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The science-fiction-y name of this snazzy new craft beer and wine bar, tucked into a cool repurposed midcentury building at 12th Street and Highland, is a technical term from beer brewing, something to do with alcohol content before fermentation. Drinks are clearly the focus, but the food menu also features a nice variety of indulgent comfort bites that, eaten too regularly, are likely to increase your original gravity. A highlight is the slider trio ($12) chosen from five ethno-regional options. My three all lived up to their names – the Italian, with a pork and brisket meatball topped with provolone and marinara, is a back-East meatball hoagie in miniature; the Hawaiian pairs Spam with pineapple atop a brisket patty; and the Korean packs yet another kimchi-powered punch. The steak frites ($15), with chewy but flavorful sliced flatiron beef, are nicely marinated and come with a cup of superfluous butter sauce.
Must try: The above plates are served with OG Fries, topped with shaved parmesan. They’re among the yummiest fries in town, but they’re at their yummiest as pork belly cheesy fries ($9), with cubes of swine paunch, melted cheese and bracing banana peppers.
4700 N. 12th St., 602-583-7628
The “PSG” in the name stands for pizza, soup and grilled cheese. The place has the look of a standard, comfortable mom-and-pop pizza joint, and the pies are handsome specimens, but the intriguing part of the menu is the many permutations of grilled cheese, that quintessential kid-lunch favorite. The Classic ($7) layers American and cheddar on white bread in the grand tradition, with a side of Joey’s crunchy, deliciously deep-brown, house-made potato chips. Other variations include The Italian Cow ($7), with provolone, mozzarella and asiago on focaccia; The Hot Mama ($7) with pepper jack, cheddar and Muenster plus jalapeños and jalapeño aioli on sourdough; and the wittily named The Peacemaker ($7), with Swiss, cheddar and Muenster on French bread. If you’re a fan of white bread, go for The Tower ($8) – cheddar, Muenster and Gruyère on four slices.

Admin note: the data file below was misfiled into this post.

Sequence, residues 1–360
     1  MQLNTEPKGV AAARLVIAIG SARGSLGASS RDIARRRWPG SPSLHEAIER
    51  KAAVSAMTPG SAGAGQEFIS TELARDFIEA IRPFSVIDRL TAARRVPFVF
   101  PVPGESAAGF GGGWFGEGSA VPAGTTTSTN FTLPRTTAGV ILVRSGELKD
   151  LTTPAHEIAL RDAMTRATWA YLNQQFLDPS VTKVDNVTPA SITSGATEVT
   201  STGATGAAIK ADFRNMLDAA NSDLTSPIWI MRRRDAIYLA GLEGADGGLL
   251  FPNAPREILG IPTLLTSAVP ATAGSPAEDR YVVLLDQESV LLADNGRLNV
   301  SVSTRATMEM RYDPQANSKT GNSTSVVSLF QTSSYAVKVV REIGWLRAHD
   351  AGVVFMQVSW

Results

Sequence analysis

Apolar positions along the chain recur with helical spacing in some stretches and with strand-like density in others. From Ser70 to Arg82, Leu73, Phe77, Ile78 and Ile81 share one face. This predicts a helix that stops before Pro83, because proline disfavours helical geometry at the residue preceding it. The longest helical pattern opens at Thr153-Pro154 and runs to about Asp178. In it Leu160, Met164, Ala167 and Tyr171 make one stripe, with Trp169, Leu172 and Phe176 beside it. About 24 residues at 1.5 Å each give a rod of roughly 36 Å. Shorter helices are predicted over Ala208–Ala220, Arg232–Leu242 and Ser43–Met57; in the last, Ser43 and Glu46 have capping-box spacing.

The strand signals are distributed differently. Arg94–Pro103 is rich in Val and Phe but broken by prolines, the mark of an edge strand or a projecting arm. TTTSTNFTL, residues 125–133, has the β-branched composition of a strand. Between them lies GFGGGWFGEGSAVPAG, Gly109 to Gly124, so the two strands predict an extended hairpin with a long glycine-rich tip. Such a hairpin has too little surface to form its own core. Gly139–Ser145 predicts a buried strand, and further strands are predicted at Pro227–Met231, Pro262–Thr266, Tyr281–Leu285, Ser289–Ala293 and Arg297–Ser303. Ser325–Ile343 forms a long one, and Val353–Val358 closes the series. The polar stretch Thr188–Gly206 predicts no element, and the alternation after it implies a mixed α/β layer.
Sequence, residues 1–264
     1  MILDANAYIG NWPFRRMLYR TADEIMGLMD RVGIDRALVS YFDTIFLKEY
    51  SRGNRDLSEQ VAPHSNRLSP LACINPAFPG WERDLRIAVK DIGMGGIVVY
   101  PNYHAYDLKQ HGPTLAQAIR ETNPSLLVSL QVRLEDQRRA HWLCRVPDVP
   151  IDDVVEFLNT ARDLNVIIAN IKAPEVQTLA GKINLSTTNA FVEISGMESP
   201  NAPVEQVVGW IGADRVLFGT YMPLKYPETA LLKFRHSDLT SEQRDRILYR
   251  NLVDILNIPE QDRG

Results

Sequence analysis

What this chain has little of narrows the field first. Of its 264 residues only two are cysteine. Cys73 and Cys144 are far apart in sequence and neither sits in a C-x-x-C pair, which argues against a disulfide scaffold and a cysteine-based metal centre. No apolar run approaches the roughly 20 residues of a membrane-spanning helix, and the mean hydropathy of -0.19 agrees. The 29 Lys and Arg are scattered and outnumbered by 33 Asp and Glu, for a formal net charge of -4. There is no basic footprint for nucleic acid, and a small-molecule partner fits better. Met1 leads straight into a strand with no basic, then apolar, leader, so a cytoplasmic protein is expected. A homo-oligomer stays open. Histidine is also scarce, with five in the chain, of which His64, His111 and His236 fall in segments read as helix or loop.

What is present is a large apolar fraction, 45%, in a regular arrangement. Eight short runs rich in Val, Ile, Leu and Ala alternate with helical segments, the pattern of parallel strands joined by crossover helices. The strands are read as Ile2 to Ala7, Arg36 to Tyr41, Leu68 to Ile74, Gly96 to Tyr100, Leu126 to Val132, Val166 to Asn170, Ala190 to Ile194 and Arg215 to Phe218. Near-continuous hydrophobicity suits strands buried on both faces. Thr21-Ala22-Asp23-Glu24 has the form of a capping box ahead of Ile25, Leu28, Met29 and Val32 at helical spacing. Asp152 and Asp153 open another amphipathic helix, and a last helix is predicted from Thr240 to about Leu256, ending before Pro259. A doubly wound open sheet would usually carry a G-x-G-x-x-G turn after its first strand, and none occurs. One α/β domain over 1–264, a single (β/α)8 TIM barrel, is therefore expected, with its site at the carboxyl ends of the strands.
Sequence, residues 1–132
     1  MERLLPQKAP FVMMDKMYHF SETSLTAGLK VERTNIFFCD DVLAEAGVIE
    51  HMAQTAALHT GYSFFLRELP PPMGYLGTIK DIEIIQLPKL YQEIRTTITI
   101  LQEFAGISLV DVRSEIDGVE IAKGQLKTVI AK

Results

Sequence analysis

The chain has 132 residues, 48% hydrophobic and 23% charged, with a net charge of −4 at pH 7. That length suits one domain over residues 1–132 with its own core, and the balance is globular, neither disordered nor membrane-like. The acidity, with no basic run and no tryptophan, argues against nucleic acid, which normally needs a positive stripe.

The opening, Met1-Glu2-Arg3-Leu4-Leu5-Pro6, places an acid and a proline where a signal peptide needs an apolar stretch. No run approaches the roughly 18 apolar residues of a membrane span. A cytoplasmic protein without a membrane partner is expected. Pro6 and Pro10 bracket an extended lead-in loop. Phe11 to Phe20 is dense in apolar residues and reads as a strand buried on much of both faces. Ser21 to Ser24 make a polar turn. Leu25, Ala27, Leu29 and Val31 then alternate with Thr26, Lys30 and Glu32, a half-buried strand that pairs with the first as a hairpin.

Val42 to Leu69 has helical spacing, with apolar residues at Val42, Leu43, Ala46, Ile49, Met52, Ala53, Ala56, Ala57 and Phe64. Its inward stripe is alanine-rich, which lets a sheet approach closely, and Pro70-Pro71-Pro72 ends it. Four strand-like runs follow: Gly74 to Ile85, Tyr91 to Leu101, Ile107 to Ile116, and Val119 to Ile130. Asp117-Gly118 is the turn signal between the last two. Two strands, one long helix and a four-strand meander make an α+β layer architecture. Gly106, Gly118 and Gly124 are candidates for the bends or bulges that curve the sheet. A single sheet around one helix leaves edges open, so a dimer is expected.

Must try: The Cheese Heaven ($8) is a grilled cheese sandwich with macaroni and cheese plastered right between the bread. Add some soup, and heaven isn’t too much of an exaggeration.
1038 E. Main St., Mesa, 480-476-9300
Temperatures are at long, long last starting to cool off. And you know what would be nice? A bowl of soup – partly for the weather, but also because good soup is one of the peerless pleasures of being a human. This new ramen bar at the end of a humdrum suburban strip mall is a surprisingly hip setting for this pleasure – sleek and modern, with a spellbinding décor feature: an anime wall. Over the bar, video projectors show the same baffling anime, in triptych, and the effect is mesmerizing even for non-fans. None of this would matter, of course, if the food wasn’t at least equally captivating. The broths are full-bodied and hearty, complex in their interaction between spice and mellow richness. The tonkatsu ($9) is a nice introduction, with mushrooms, onion, corn and pork belly in a steaming, ginger-scented broth derived from stewed pork bones. From the small plates menu, hard-boiled quail eggs ($3) wrapped in bacon and battered in panko are a decadent concoction.
Must try: The yakitori-style grilled Kobe beef ($6) is a carnival of umami – juicy and fatty, with a nice char.
10605 N. 43rd Ave., Phoenix, 602-284-6265, azramen.com
If you want a quail egg in your natto ($3.50) – slimy fermented soybeans – it’ll cost you an extra buck. Having just eaten more quail eggs than I needed at Yaki Ramen, I decided to pass, but I liked the fact that a quail egg in my natto was an option. (Not that it would have improved the stringy texture and cold, clammy, burned-coffee flavor of the dish.) Small but polished, this new Japanese eatery has plenty of conventional options to go with the exotic stuff. My companion inhaled the pan-fried gyoza ($6) from the same à la carte menu, and it proved a strong overture to the menu’s selection of sushi and noodles. The noodles are available in both hot and cold varieties, but I opted for the hot tempura soba ($11), which offered battered, fried shrimp and vegetables alongside the bowl of dark, earthy noodles in a seductive hot broth.
Must try: Vegetable fried rice ($8) would be an easy dish to overlook among the choices on this menu, but Sushi Sen’s version is temptingly clean and non-greasy.
7001 N. Scottsdale Rd., 480-483-7000, sushisenaz.com
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